PATENTLY USELESS

In 1991, Bill Gates, shown here at a computer conference, railed against the ability of the established tech giants of the day to use the patent system to slow upstart firms like Microsoft. “A future start-up with no patents of its own will be forced to pay whatever price the giants choose to impose,” he wrote in an internal corporate memo. Today, Microsoft swears by the patent system, using it to fend off younger competitors such as Google.

THE SOURCE: “The Case Against Patents” by Michele Boldrin and David K. Levine, in Journal of Economic Perspectives, Winter 2013.

PATENTS ARE THE GOLD STANDARD OF NATIONAL competitiveness. The more we have, Americans often think, the more innovative our economy is.

That’s a big mistake, according to Michele Boldrin and David K. Levine. Patents don’t often encourage innovation — they stifle it. Companies use the system to freeze out competition and leach off the commercial successes of others. The authors, both economists at Washington University in St. Louis, argue that the patent system should be abolished.

The real engine of innovation and economic growth is competition. Companies and individuals profit handsomely when they beat competitors to a new idea. After the iPhone’s debut in 2007, Apple sold more than five million of its game-changing devices before rivals could muster a challenge. Even then, the iPhone’s peerless design — not patent protections — allowed the company to reap lavish profits.

In theory, a perfectly designed, rationally administered patent system would work well. But in the real world, maturing industries flex their political muscles to game the system and protect themselves from competition.

Compounding the problem is the fact that today’s products often contain so many patentable components. In 1983, the U.S. Patent and Trademark Office granted about 60,000 patents. By 2010, the annual number — which by then included software innovations, as a result of a 1994 court case — had quadrupled, to some 244,000.

The patent glut accomplished little. “Academic studies have . . . typically failed to find much of a connection between patents and innovation,” Boldrin and Levine write. Instead, it has created a Scylla-and-Charybdis world in which innovators must navigate between infringing on countless patents and paying multitudes of stiff licensing fees. When Google made a foray into the mobile phone market, for example, Apple and Microsoft used patent suits to slow the creative newcomer.

To avoid such headaches, Google forked out $12.5 billion in 2012 to purchase Motorola Mobility, Motorola’s smartphone arm. With the acquisition came a trove of Motorola patents. “Google’s purpose in obtaining this patent portfolio is purely defensive,” the authors write. “It can be used to countersue Apple and Microsoft.” Google is not alone in using this strategy. Companies spend vast sums every year to buy intellectual property of dubious real value.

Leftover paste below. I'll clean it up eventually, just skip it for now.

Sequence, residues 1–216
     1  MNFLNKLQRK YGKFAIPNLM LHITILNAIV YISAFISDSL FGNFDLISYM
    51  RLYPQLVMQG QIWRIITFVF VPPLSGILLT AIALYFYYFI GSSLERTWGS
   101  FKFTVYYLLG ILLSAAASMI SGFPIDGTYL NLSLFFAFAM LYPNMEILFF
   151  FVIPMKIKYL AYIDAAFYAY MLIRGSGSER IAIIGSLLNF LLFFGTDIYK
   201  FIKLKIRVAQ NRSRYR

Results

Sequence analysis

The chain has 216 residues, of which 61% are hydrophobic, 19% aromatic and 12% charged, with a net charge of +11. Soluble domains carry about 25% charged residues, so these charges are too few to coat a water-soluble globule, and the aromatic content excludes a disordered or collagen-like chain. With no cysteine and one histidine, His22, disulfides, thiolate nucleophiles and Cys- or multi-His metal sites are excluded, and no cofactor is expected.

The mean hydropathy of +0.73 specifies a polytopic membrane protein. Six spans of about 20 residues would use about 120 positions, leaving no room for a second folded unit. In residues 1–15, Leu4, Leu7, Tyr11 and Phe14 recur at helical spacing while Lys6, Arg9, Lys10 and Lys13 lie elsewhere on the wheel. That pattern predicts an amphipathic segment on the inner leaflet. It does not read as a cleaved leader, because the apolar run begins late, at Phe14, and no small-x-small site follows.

Legal battles waste more time and money. One study found that during the 1990s companies spent an amount equivalent to 14 percent of their research and development budgets on patent litigation.

Big pharmaceutical companies are among the staunchest defenders of patents. Without patent protection, they contend, drugs developed at enormous cost would be swiftly copied, making it hard to recover expenses and discouraging future innovation. But Boldrin and Levine say it takes a long time for competitors to reverse-engineer path-breaking drugs. The authors also point out that some 80 percent of the $1 billion it typically takes to develop a new drug is consumed by the final phase of clinical tests required by law. There are much cheaper ways to help manufacturers recoup that expense — including government subsidies — than granting them monopolies that cost consumers dearly.

Other patent champions insist that patents foster collaboration and transparency. Not true: Today’s patent applications are carefully designed to be incomprehensible to anyone but a patent attorney.

Not coincidentally, attorneys lobby hard to defeat reform. So do so-called patent trolls, companies that amass patents merely for the purpose of suing alleged infringers. In 2006, a company called NTP Inc. claimed that the maker of the BlackBerry mobile phone, Research in Motion, was infringing on one of NTP’s patents. Research in Motion paid NTP a $613 million licensing fee. A court subsequently invalidated NTP’s patent, but the company kept the fee anyway.

Boldrin and Levine would prefer to scrap patents entirely. If that’s too radical a solution, they suggest limiting their number and duration, a reform that would free competitors from today’s morass. “The patent system arose as a way to limit the power of royalty to award monopolies to favored individuals,” the authors observe. “But now,” they conclude, “its primary effect is to encourage large but stagnant incumbent firms to block innovation and inhibit competition.”

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